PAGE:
# Thread: Beginner Implicit Differentiation Question

1. ## Beginner Implicit Differentiation Question

Hello,

My online unit is up to implicit differentiation, and I thought I had a good grasp on it, but the first question has already thrown me off. Could somebody explain exactly where my misunderstanding comes from?

Find dy/dx by implicit differentiation for the following...

$6x^2 + 5y^2 = 36$

This is my working for this problem, as I understood based off the material I have...

$d/dx (6x^2) - d/dx(5y^2) = d/dx(36)$

$12x + 10y (dy/dx) = 0$

$= 10y (dy/dx) = - 12x$

$= dy/dx = (-12x / 10y)$

However, according to the answer sheet I have, the correct answer is...
$(-6x / 5y)$

Now, I don't know if I'm misunderstanding what the question is asking, because I'm essentially learning without the help of a teacher/tutor (except for this website), so I've quite often misunderstood certain aspects of this calculus course, but I was under the impression that solving this equation was via the steps I had above - that is, differentiate in respect to x, assuming that y is a function of x.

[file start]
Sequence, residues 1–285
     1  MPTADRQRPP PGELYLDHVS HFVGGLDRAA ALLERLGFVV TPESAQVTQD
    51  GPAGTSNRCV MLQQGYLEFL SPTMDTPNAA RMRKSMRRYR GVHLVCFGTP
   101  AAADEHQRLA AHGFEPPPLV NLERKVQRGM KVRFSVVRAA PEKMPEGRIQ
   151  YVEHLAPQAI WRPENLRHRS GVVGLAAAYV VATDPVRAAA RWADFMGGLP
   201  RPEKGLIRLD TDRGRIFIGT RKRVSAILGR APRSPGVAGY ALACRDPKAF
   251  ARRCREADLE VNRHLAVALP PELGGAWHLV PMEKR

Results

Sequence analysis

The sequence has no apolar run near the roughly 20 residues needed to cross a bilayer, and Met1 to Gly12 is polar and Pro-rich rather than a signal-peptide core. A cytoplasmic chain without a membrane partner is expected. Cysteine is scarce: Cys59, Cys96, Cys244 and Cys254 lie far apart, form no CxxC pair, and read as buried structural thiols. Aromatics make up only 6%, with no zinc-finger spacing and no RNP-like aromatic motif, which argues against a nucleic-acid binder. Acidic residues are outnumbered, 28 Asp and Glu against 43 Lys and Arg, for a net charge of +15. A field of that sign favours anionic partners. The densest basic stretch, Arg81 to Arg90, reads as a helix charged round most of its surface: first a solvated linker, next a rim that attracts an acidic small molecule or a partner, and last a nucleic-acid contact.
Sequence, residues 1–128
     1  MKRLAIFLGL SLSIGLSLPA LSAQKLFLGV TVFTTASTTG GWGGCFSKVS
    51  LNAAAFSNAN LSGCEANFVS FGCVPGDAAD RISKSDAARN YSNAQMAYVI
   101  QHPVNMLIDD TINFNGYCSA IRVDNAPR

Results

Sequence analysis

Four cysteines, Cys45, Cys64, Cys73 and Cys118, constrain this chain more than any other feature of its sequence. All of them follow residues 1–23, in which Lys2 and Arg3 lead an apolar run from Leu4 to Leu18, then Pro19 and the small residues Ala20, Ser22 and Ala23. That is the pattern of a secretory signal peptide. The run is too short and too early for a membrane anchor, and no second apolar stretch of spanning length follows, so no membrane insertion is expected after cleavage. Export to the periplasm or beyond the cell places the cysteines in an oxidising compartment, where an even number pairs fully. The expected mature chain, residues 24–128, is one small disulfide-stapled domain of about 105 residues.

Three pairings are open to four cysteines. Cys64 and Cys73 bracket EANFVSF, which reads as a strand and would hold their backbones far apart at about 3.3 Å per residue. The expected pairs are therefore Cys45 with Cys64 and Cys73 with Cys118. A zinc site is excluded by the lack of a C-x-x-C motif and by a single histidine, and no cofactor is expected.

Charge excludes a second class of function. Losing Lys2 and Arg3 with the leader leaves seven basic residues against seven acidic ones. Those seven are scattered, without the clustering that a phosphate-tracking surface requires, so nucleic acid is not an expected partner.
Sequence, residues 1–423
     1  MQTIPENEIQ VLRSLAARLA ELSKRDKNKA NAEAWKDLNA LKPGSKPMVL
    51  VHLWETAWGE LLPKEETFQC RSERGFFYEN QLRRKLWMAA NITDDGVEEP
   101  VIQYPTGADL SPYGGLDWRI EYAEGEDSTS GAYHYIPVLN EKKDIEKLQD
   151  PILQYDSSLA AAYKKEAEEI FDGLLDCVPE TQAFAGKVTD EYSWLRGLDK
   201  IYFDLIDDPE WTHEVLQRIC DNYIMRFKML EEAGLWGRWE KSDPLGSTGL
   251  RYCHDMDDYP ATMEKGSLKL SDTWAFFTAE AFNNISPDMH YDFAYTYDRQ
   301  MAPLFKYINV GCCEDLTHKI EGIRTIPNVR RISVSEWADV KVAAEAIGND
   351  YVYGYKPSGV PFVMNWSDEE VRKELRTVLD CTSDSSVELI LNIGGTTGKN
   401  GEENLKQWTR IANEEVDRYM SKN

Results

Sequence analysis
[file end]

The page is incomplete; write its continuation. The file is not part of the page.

The answer that I can see almost seems like there's been no differentiation used (ie: no power rule used that I can see...)

2. ## Re: Beginner Implicit Differentiation Question

You simply did not simplify by dividing the numerator and denominator by their common factor of 2.

Your working was correct, you just need to reduce the fraction to its lowest terms.

3. ## Re: Beginner Implicit Differentiation Question

Originally Posted by MarkFL2
You simply did not simplify by dividing the numerator and denominator by their common factor of 2.

Your working was correct, you just need to reduce the fraction to its lowest terms.
That's embarrassing...Thank you!!